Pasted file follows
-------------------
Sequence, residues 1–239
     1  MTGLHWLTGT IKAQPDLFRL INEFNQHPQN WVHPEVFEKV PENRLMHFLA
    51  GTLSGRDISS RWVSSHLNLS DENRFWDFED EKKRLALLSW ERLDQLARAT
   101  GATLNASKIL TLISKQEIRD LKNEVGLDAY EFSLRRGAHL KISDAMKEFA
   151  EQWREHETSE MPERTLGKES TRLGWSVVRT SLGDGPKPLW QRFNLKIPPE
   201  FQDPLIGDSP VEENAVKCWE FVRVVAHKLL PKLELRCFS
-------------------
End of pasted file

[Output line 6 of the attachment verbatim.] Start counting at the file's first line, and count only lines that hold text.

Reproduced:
   201  FQDPLIGDSP VEENAVKCWE FVRVVAHKLL PKLELRCFS